Polyunsaturated fatty acid levels at birth and child-to-adult growth: Results from the MEFAB cohort

N. Stratakis*, M. Gielen, K. Margetaki, R.W. Godschalk, I. van der Wurff, S. Rouschop, A. Ibrahim, E. Antoniou, L. Chatzi, R.H.M. de Groot, M.P. Zeegers

*Corresponding author for this work

    Research output: Contribution to journalArticleAcademicpeer-review


    Background: Prenatal exposure to polyunsaturated fatty acids (PUFAs) may influence childhood growth. However, available evidence mostly derived from short-term studies is inconsistent. Objective: To assess whether fetal PUFA exposure is associated with height and body mass index (BMI), a common measure of adiposity, from 6 months to 23 years of age. Methods: In the MEFAB cohort, we assessed cord blood phospholipid n-3 and n-6 PUFA levels, reflecting fetal exposure in late pregnancy. For 250 (45.2% females) participants, we collected a total of 1770 (n= 802 for females) repeated growth measurements from infancy to young adulthood. We examined sex-specific associations of PUFAs with height and BMI at different developmental ages (infant: 6 months; toddler: 2 years; pre-schooler: 4 years; school-aged child: 7 years; adolescent: 12 years; and young adult: 23 years) using fractional polynomial mixed models adjusted for important covariates. Results: Higher n-3 PUFA levels were associated with higher infant length in males (β= 0.44 cm [95% CI: 0.07, 0.82] per SD increase), whereas, for females, higher n-6 PUFA concentrations were associated with lower length in infancy (β= −0.69 cm [95% CI: −1.08, −0.30] per SD increase). A higher ratio of n-3 to n-6 PUFAs was associated with higher infant length in both sexes (β= 0.40 cm [95% CI: 0.01, 0.78] and 0.42 cm [95% CI: 0.05, 0.79] per unit increase for males and females, respectively). These associations were not detectable later in childhood and young adulthood. No associations with BMI were found at any time point examined. Conclusions: Our findings suggest a small sex-specific influence of PUFA status at birth on length in infancy, but this does not persist in later life up to young adulthood. PUFA status at birth does not seem to affect BMI from infancy till young adulthood.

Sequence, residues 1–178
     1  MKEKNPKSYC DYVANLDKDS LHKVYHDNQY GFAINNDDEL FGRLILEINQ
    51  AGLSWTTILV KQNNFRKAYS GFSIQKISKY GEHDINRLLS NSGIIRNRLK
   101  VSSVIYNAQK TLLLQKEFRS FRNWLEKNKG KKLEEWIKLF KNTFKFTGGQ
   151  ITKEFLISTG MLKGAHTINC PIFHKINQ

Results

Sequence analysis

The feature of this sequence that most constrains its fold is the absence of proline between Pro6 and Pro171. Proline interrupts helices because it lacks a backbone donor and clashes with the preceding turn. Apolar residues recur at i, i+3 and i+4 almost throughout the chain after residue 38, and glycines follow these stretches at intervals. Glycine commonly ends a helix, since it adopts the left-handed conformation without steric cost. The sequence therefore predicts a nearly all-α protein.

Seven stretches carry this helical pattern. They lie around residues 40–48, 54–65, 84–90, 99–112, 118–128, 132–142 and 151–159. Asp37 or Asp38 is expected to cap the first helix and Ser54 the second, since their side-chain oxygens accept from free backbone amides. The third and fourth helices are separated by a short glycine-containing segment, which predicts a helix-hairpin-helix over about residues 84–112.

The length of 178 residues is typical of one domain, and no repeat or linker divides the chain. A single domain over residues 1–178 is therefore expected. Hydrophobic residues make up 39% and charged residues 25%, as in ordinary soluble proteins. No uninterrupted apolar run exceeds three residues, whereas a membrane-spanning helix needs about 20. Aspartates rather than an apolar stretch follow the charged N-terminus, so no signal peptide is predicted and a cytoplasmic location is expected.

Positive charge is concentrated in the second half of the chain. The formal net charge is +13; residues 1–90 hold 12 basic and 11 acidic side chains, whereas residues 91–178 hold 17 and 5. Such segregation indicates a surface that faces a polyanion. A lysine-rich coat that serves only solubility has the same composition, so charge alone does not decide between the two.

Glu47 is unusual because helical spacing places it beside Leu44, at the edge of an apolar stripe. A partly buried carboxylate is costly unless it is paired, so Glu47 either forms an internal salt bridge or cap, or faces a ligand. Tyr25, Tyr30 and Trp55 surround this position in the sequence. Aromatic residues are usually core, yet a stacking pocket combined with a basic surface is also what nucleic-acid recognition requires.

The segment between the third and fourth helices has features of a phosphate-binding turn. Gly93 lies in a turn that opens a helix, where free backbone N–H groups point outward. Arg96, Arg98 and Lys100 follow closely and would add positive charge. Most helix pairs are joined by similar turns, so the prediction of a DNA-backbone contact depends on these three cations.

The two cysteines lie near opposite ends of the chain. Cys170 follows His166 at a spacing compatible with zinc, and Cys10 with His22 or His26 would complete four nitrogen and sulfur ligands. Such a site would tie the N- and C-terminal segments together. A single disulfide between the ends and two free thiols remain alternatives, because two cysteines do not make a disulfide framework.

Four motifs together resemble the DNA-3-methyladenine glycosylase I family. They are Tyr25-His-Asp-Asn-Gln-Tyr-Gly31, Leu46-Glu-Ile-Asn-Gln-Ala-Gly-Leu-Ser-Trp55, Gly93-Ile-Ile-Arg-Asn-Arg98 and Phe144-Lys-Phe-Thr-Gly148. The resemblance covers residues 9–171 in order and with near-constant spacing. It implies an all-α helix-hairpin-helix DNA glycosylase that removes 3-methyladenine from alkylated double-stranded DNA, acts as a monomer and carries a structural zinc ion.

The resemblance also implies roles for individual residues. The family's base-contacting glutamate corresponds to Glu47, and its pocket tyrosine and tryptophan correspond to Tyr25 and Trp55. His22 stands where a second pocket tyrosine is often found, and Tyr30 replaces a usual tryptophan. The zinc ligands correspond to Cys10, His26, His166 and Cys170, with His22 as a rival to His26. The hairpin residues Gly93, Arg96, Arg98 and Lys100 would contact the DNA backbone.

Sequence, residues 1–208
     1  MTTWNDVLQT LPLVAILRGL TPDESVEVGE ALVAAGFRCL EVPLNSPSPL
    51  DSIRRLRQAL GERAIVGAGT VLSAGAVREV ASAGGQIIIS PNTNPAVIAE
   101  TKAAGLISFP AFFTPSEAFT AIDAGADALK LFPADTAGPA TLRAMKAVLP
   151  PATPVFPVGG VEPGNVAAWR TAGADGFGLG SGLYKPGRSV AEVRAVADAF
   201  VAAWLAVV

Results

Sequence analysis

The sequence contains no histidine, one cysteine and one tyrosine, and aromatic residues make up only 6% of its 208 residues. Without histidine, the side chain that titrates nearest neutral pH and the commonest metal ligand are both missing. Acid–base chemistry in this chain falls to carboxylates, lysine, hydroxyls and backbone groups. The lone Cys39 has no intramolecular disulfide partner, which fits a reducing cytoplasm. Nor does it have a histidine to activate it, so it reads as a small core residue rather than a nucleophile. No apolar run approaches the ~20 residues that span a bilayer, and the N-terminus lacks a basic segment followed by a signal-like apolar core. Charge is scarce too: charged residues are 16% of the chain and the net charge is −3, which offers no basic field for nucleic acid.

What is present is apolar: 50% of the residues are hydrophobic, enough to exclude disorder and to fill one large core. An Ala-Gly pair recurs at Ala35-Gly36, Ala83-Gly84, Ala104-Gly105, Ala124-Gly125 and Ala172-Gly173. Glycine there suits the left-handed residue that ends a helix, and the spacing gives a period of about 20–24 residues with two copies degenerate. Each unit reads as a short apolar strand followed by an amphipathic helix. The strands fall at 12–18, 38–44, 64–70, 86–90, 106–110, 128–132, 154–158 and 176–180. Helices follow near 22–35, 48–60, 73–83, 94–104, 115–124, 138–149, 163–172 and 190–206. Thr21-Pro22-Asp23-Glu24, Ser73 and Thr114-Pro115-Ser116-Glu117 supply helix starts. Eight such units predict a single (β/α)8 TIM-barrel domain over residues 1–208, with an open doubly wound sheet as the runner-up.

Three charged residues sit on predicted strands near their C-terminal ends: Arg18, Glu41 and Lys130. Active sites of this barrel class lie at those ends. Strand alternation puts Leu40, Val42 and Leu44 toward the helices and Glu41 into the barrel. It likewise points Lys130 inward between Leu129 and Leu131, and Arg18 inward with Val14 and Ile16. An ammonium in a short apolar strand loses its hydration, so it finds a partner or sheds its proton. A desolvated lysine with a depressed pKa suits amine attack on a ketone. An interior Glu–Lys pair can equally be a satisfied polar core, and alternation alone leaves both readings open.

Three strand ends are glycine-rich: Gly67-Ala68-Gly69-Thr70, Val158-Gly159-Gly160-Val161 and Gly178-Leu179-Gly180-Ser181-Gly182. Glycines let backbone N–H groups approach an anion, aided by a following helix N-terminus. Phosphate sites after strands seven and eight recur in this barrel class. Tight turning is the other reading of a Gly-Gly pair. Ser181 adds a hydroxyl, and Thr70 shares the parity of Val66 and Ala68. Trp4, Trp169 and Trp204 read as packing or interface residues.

Original languageEnglish
    Pages (from-to)72-78
    Number of pages7
    JournalProstaglandins, Leukotrienes, & Essential Fatty Acids
    Publication statusPublished - Nov 2017


    • adulthood
    • BMI
    • childhood
    • cord blood
    • height
    • PUFAs


    Dive into the research topics of 'Polyunsaturated fatty acid levels at birth and child-to-adult growth: Results from the MEFAB cohort'. Together they form a unique fingerprint.

    Cite this